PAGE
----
Nearly 60 per cent of MPs support cohabitation law reform

Cohabitation|News|September 16th 2013

Fifty-seven per cent of MPs believe current laws should be changed to provide greater protection for couples who live together without getting married, new research reveals.

According to the survey, commissioned by family law association Resolution, more than two thirds (69 per cent) of MPs also report a widespread belief in ‘common law marriage’ amongst their constituents – the mistaken belief that couples who live together for a certain period of time acquire financial and property rights similar to those of married couples. In reality cohabiting couples currently have very few rights if their relationships end and are only automatically entitled to assets held in their own names.

According to recent figures from the Office for National Statistics (ONS), there were 5.9 million people in cohabiting relationships last year, almost twice the 1996 figure of 2.9 million.

Resolution’s Steve Kirwan said:

“This poll of MPs confirms the findings of a public survey in 2008, in which 51% of respondents believed, incorrectly, that cohabitants had the same rights as married couples. And yet the current situation for people who live together in England and Wales, more often than not, creates injustice and hardship. This isn’t about whether you believe people should be married or not, this is about ensuring that people are aware of their legal rights – and that fact that more than two thirds of MPs identify this as a problem clearly points to the need for reform.”

Mr Kirwan added:

“Despite the myth that there is such a thing as “common law” marriage – which hasn’t existed since 1753 – it is possible to live together with someone for decades and even to have children together, and then simply walk away without taking any responsibility for a former partner’s welfare. That is simply wrong, it needs to change, and it needs to change now.”

The Liberal Democrats are due to debate plans to reform the law at their conference today.

Author: Stowe Family Law

Comments(5)

  1. Luke says:

    “This isn’t about whether you believe people should be married or not, this is about ensuring that people are aware of their legal rights – and that fact that more than two thirds of MPs identify this as a problem clearly points to the need for reform.”
    ===================================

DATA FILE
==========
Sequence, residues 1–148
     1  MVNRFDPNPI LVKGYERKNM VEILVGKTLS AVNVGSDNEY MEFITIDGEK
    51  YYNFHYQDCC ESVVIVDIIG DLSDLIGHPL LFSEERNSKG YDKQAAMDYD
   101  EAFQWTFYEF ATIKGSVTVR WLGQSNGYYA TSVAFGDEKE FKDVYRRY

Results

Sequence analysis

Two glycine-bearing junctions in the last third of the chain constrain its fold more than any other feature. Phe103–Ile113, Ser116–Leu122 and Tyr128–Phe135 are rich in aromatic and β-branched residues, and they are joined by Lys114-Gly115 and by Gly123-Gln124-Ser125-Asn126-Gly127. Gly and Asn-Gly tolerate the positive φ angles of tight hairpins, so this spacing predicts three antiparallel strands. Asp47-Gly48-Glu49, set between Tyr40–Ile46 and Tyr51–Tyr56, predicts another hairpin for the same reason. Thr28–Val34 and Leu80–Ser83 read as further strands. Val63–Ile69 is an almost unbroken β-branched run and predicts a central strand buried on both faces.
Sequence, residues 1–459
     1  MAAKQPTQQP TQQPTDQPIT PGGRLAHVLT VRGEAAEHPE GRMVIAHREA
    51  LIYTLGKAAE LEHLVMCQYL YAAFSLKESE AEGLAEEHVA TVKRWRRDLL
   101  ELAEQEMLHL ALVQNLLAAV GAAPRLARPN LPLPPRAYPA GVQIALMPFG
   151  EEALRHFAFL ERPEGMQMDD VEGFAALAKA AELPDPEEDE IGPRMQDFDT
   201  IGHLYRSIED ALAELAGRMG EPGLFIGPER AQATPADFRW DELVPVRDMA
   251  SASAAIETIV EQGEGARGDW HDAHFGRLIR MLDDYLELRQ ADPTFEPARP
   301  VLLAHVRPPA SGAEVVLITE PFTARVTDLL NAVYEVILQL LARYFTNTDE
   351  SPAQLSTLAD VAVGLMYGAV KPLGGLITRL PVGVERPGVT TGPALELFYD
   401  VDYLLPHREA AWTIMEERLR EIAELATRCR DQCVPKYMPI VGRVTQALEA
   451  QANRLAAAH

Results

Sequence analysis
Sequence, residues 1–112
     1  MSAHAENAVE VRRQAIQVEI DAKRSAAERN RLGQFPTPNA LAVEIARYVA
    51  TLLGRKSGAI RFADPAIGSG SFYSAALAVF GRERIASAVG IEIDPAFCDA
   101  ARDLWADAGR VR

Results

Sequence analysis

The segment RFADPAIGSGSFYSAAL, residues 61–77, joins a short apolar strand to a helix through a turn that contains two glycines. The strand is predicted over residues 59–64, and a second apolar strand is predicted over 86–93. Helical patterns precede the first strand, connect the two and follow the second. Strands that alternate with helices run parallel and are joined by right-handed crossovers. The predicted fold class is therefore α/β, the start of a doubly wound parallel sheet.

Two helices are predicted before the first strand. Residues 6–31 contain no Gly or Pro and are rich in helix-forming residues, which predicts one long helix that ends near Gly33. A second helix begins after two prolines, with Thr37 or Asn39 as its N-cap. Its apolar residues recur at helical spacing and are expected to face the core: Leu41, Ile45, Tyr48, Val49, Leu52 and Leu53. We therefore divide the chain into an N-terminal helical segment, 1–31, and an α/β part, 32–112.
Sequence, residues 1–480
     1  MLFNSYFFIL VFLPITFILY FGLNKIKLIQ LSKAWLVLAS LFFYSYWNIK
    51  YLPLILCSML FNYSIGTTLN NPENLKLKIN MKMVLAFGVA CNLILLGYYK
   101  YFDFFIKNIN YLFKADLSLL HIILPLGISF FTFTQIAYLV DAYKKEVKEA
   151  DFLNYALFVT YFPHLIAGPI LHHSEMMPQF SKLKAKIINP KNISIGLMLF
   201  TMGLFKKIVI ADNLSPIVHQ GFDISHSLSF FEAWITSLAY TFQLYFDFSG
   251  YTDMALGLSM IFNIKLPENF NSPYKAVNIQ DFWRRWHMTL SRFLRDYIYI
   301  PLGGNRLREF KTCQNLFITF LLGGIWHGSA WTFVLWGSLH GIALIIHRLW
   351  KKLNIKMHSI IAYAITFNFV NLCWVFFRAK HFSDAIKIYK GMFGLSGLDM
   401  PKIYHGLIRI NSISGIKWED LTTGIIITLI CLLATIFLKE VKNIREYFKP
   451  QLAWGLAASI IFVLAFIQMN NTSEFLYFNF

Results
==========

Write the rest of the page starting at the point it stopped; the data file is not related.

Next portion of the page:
I agree it is a problem and I totally agree that people should be made aware of their legal rights – but as I’ve said before this is solved by a campaign to inform people – and it should start in the schools.

    You do NOT solve ignorance by changing the law to cater for that ignorance – that is a patronising position in my view – treating the general public like children who are incapable of understanding marriage and cohabitation when it is properly explained to them.

  2. Stephanie Bamberger says:

    Luke,

    I agree with you. I cannot tell you how many times I have had to disabuse people of the idea that they are common-law married in California. We abolished common-law marriage by statute in 1895, but there is still the widely-held belief that living together for 5, 7, or however many years means you’re married. In fact, only 9 states (out of 50) in the US allow people to form common law marriages, so I would agree that widespread education is necessary.

  3. Tulsa Divorce Lawyer Matt Ingham says:

    I agree that reform is needed because the younger generations tend to disfavor traditional marriage

  4. Howard Worsley says:

    Women would not get married if placed in the same situation as men are today. Forget the financial side, just trying to see your children is a nightmare and expensive in the Family Courts.

    • Stella says:

      I agree many young people and those that are embarking on new relationships following the breakdown of a marriage tend to want to not enter into matrimony again – it is a positive move and the right one

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